The Microsoft AI research team inadvertently shared a link that gave visitors full permissions to 38TB of private company data.
AI researchers at Microsoft have made a huge mistake.
According to a new report from cloud security company Wiz, the Microsoft AI research team accidentally leaked 38TB of the company’s private data.
38 terabytes. That’s a lot of data.
The exposed data included full backups of two employees’ computers. These backups contained sensitive personal data, including passwords to Microsoft services, secret keys, and more than 30,000 internal Microsoft Teams messages from more than 350 Microsoft employees.
So, how did this happen? The report explains that Microsoft’s AI team uploaded a bucket of training data containing open-source code and AI models for image recognition. Users who came across the Github repository were provided with a link from Azure, Microsoft’s cloud storage service, in order to download the models.
One problem: The link that was provided by Microsoft’s AI team gave visitors complete access to the entire Azure storage account. And not only could visitors view everything in the account, they could upload, overwrite, or delete files as well.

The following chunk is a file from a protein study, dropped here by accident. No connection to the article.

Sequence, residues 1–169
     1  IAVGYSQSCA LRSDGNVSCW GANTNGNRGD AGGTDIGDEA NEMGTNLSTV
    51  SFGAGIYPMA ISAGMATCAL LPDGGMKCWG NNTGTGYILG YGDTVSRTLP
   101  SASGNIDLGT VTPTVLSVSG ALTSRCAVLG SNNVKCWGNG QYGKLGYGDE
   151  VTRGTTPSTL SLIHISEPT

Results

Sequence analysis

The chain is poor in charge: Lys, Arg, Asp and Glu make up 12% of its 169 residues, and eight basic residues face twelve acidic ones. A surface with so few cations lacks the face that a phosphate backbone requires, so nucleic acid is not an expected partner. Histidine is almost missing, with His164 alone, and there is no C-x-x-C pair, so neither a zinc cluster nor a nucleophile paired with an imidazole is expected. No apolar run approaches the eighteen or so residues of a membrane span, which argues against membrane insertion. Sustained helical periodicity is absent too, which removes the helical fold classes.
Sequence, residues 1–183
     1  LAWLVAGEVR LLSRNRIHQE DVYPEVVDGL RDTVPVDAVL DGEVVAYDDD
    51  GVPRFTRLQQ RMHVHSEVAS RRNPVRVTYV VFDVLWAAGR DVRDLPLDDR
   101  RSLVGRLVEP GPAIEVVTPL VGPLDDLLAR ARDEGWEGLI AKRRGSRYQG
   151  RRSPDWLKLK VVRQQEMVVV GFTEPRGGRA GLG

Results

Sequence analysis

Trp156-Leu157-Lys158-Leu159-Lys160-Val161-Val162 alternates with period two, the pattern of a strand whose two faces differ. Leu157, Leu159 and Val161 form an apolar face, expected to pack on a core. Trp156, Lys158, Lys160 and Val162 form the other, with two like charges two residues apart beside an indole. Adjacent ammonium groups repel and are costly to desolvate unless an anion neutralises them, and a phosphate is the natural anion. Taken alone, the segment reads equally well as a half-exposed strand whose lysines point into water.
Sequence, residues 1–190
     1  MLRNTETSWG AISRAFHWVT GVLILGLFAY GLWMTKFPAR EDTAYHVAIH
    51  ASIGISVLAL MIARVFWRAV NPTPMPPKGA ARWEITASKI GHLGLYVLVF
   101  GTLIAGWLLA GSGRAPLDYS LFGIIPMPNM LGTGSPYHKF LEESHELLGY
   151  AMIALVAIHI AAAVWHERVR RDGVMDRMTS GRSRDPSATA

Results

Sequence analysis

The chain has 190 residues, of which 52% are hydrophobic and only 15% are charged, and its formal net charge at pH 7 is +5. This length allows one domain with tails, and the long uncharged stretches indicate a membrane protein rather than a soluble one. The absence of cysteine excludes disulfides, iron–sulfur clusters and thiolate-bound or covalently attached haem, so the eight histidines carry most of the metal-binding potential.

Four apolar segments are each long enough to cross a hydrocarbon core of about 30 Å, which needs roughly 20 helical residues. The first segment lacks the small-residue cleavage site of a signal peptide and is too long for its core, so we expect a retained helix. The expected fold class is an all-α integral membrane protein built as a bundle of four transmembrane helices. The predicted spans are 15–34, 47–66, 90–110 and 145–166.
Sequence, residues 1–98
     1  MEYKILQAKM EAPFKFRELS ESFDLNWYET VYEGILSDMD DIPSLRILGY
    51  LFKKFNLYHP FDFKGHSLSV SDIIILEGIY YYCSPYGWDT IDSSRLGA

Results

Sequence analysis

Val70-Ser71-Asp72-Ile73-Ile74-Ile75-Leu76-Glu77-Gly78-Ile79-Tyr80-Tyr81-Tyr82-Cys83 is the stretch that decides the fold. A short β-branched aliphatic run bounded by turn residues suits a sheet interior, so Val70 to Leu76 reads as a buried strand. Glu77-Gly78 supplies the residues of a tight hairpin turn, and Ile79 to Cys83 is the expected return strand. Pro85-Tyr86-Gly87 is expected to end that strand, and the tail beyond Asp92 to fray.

Wiz says that this occurred as a result of an Azure feature called Shared Access Signature (SAS) tokens, which is « a signed URL that grants access to Azure Storage data. » The SAS token could have been set up with limitations to what file or files could be accessed. However, this particular link was configured with full access.
Adding to the potential issues, according to Wiz, is that it appears that this data has been exposed since 2020.
Wiz contacted Microsoft earlier this year, on June 22, to warn them about their discovery. Two days later, Microsoft invalidated the SAS token, closing up the issue. Microsoft carried out and completed an investigation into the potential impacts in August.
Microsoft provided TechCrunch with a statement, claiming “no customer data was exposed, and no other internal services were put at risk because of this issue.”